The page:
iPhoning It In

Personal Digital Assistants. Do they still call them that? It sounds like a euphemism for Mommy’s Little Helper, which may be closer to the truth.

My father was a military man, not by choice, but he rose to the occasion. The letters PDA stir memories of stories about the rules against Public Displays of Affection on the West Point campus in the late 1960s. The Army still hasn’t figured out how to police our soldiers’ sexuality, but that’s for another post.

Dad gave me a running start in associating my Blackberry with giving up a certain degree of personal freedom, but even I never paused to consider the true price of obsessively using these incredible tools. And I dismissed anyone who whined about having to “always be available” as not one of us, a member of the productive class.

Then I was deeply provoked by the following paragraph in the NYT’s interview with John Donahoe, the CEO of eBay since 2008:

…I try to only do e-mail first thing in the morning or in the evening, because I find if I check e-mail during the day, I go from being proactive about what I want to get accomplished that day to being reactive, and that’s a bit of a trap. Being reactive is a lot easier than being proactive, and e-mail and the BlackBerry are natural tools to facilitate that.

It’s that “easier” word that got me. My life is easier, but rarely better when I’m strapped to this little machine. In any given moment, quite literally, I can avoid the discomfort of having to focus my thoughts and actions. Instead of determining my destiny, I can let my brain fill up with someone else’s issues or LinkedIn request or cure for erectile dysfunction. Instead of seizing the day, I can submit to being seized.

Yes, John, easier is the word. It doesn’t sound like a big deal until I think of the aggregate number of times that I’ve checked for new messages in the last five years.


2 Responses to iPhoning It In

  1. caferacers says:

    Maybe if JD checked his email during the day eBay wouldn’t be tanking. And if Meg Whitman followed this same philosophy, that would explain a lot (and doesn’t bode well for California’s future if she becomes California’s governor).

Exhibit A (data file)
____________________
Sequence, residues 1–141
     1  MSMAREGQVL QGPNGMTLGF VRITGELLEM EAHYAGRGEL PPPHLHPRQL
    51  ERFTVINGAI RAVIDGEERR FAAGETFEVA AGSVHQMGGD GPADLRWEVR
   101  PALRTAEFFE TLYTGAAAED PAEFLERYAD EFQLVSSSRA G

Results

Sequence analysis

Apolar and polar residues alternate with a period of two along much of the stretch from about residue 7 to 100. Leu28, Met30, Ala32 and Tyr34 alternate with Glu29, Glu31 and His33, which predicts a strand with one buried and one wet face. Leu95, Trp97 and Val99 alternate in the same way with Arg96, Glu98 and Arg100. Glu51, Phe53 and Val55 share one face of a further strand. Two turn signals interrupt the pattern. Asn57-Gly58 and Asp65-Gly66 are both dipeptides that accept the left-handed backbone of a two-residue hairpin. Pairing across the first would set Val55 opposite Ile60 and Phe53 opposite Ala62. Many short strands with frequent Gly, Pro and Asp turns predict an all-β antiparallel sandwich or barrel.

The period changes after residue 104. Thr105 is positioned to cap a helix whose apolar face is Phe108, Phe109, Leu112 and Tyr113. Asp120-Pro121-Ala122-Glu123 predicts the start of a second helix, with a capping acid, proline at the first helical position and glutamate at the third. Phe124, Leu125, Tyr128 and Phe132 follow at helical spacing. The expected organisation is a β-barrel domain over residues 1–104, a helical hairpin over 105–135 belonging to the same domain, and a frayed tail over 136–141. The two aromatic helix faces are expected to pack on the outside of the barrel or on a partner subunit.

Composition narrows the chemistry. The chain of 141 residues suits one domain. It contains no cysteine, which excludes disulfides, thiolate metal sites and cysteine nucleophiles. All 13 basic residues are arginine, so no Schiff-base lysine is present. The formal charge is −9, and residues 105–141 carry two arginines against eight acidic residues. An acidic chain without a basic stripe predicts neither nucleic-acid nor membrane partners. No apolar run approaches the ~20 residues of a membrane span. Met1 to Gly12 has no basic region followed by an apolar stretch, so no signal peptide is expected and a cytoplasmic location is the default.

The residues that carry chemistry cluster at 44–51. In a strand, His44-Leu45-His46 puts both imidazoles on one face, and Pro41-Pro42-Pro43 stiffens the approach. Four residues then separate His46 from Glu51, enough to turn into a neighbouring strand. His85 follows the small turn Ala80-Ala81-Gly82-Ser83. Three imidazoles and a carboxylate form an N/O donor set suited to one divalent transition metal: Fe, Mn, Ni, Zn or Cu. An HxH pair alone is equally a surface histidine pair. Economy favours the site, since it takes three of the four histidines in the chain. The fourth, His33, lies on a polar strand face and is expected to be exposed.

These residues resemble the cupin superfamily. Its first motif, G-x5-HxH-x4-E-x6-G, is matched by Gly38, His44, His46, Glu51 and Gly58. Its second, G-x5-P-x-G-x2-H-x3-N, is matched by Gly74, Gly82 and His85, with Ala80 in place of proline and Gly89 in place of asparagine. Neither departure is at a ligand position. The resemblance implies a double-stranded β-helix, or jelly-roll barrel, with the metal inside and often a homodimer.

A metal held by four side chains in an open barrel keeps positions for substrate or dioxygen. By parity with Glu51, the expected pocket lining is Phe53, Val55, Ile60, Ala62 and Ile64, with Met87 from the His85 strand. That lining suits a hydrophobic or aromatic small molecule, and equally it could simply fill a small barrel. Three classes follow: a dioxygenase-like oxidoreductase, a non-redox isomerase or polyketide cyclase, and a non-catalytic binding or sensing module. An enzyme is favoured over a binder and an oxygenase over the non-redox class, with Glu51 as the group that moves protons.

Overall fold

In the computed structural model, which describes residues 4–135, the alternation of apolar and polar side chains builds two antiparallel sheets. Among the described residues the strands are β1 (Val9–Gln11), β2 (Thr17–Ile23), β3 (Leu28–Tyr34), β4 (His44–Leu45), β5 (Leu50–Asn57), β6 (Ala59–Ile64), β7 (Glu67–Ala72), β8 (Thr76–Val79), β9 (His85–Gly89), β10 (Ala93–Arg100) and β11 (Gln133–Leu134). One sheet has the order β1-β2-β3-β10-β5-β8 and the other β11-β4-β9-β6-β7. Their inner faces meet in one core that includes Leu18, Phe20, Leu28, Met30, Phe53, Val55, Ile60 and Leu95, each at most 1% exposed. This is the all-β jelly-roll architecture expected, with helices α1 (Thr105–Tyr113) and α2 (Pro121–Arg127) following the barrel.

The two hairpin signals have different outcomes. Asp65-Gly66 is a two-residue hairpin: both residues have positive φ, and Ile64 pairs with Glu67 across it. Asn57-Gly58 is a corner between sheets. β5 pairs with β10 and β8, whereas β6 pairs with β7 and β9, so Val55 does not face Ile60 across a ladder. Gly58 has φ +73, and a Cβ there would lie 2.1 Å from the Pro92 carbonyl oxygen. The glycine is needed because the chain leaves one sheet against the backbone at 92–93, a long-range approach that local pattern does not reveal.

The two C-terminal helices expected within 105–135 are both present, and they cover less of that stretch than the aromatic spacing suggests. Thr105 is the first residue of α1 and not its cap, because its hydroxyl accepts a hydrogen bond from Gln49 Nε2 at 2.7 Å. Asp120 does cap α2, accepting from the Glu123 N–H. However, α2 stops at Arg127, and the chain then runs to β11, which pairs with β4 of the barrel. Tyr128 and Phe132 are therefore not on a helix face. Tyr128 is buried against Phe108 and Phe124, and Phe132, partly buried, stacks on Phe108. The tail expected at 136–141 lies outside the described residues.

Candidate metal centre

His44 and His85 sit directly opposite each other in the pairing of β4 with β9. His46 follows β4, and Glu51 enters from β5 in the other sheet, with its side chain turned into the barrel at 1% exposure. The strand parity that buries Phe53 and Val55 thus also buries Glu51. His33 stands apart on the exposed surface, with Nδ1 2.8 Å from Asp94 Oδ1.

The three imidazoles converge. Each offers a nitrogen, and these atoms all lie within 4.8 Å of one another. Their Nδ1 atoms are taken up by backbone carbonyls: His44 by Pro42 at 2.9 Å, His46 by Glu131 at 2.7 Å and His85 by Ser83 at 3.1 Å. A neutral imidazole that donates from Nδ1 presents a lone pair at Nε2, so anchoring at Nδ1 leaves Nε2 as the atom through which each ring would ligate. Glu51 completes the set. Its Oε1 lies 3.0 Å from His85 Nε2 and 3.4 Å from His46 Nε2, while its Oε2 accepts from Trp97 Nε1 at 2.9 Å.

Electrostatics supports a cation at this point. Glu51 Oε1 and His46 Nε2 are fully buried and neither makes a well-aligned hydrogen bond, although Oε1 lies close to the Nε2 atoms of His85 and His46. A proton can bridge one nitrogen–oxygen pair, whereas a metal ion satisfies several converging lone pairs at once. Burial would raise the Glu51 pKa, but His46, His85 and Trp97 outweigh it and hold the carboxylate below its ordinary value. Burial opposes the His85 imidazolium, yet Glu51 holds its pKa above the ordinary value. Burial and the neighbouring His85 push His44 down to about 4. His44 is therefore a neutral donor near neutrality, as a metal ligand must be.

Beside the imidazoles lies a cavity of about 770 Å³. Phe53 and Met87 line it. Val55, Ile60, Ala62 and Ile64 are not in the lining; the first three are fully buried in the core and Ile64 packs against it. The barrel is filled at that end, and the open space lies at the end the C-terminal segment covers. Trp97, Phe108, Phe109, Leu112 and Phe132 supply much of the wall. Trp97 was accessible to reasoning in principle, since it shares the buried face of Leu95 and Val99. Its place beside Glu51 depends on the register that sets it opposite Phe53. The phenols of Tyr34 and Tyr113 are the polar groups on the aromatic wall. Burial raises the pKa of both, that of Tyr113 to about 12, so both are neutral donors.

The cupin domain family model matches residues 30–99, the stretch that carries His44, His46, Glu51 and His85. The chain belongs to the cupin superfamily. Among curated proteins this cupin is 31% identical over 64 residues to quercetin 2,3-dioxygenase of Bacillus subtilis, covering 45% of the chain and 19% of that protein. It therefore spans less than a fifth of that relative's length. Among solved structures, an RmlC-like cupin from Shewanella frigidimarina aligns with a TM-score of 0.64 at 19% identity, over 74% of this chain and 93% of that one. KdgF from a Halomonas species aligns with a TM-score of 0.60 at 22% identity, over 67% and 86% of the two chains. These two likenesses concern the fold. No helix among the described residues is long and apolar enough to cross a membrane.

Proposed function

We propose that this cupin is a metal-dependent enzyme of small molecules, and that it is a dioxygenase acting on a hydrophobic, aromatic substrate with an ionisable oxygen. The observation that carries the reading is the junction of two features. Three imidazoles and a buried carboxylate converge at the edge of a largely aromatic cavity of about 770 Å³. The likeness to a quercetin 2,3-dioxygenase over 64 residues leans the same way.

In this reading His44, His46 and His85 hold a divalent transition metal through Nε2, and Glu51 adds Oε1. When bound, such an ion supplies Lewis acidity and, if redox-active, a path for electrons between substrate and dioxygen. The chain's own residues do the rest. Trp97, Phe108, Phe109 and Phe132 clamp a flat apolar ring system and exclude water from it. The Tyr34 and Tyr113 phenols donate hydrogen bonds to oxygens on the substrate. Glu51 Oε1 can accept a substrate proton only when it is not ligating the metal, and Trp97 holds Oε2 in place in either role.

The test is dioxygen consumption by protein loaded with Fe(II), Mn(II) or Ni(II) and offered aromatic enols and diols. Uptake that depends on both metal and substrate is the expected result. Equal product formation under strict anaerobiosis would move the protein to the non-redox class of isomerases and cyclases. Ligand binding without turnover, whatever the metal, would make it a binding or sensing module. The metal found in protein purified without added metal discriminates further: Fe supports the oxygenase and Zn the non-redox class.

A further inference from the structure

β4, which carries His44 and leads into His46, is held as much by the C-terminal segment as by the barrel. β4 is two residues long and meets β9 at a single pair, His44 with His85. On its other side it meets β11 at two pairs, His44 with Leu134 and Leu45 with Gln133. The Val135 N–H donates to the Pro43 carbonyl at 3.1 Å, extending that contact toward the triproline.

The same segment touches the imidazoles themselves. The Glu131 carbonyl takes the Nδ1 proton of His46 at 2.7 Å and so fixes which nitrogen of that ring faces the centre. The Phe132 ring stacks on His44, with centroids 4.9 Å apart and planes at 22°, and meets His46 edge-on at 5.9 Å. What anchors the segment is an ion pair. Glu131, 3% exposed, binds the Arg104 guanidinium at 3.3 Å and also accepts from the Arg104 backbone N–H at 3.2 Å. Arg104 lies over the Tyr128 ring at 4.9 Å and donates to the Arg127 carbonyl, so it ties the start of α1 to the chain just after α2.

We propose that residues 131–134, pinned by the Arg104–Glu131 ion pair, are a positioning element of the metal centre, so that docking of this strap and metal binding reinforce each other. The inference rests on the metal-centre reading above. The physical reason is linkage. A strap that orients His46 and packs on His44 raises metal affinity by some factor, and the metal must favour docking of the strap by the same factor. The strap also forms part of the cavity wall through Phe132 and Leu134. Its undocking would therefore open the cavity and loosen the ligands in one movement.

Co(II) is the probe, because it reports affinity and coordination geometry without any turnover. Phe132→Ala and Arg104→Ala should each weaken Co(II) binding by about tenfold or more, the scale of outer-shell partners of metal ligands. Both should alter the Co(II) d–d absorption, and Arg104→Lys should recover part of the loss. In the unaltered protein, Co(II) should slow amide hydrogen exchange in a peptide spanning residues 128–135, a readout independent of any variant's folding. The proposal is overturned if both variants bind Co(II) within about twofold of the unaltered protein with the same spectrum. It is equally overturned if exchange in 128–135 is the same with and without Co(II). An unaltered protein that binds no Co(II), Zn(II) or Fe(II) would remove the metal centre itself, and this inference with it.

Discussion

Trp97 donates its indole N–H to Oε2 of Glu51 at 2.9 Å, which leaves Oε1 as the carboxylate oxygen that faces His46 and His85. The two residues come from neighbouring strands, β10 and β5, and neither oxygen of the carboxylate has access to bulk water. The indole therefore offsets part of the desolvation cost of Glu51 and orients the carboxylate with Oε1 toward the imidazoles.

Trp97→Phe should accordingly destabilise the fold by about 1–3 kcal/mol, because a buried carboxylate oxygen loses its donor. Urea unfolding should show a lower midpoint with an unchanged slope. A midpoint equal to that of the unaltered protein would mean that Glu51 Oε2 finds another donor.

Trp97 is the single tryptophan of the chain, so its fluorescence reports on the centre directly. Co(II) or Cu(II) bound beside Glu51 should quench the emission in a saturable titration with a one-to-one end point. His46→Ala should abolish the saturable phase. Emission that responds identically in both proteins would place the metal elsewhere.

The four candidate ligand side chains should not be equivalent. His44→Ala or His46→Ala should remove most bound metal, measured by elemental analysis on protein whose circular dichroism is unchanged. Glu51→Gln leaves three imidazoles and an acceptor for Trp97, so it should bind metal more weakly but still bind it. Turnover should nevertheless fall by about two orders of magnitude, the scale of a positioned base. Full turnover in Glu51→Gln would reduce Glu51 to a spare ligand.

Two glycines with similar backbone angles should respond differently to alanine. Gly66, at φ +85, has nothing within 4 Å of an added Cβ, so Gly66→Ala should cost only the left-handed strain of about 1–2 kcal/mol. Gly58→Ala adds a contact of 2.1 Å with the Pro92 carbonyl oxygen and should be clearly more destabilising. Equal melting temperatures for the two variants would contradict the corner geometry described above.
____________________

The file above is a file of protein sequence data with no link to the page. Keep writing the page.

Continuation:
2. Brandon says:

    I work for a large company with office locations across the globe. There’s an old saying that the sun doesn’t set on the British Empire, and I think that’s true with most major companies these days.

    With manufacturing in China, and R&D budgets spread everywhere from the East and West coasts, to Cambridge, Prague, Singapore, Shanghai, Pune, Moscow and Sydney, it’s become really easy to get meaningful E-mails 24×7. And it’s not just a PDA that facilitates this digital burden, it’s the entire digital age that bears down.

    Speaking from personal experience, I have been advocating awareness of the dangers related to leaders becoming ‘reactive’ instead of ‘proactive’ for the past couple years. On any given day I can easily receive 60-100 E-mails that are pretty important and very detailed. The wording in this article was so Déjà vu for me, there was a nostalgic euphoria for me. There’s a level of service that leaders owe their peers, but most successful leaders can safely ignore 50% of their E-mails if the people in those roles are competent and able to make the right decision without fine tuning or reassurance. Beware though, when unqualified people are appointed that need handholding, more diligence is needed and a leader will always be reacting to the deficiencies in the team.

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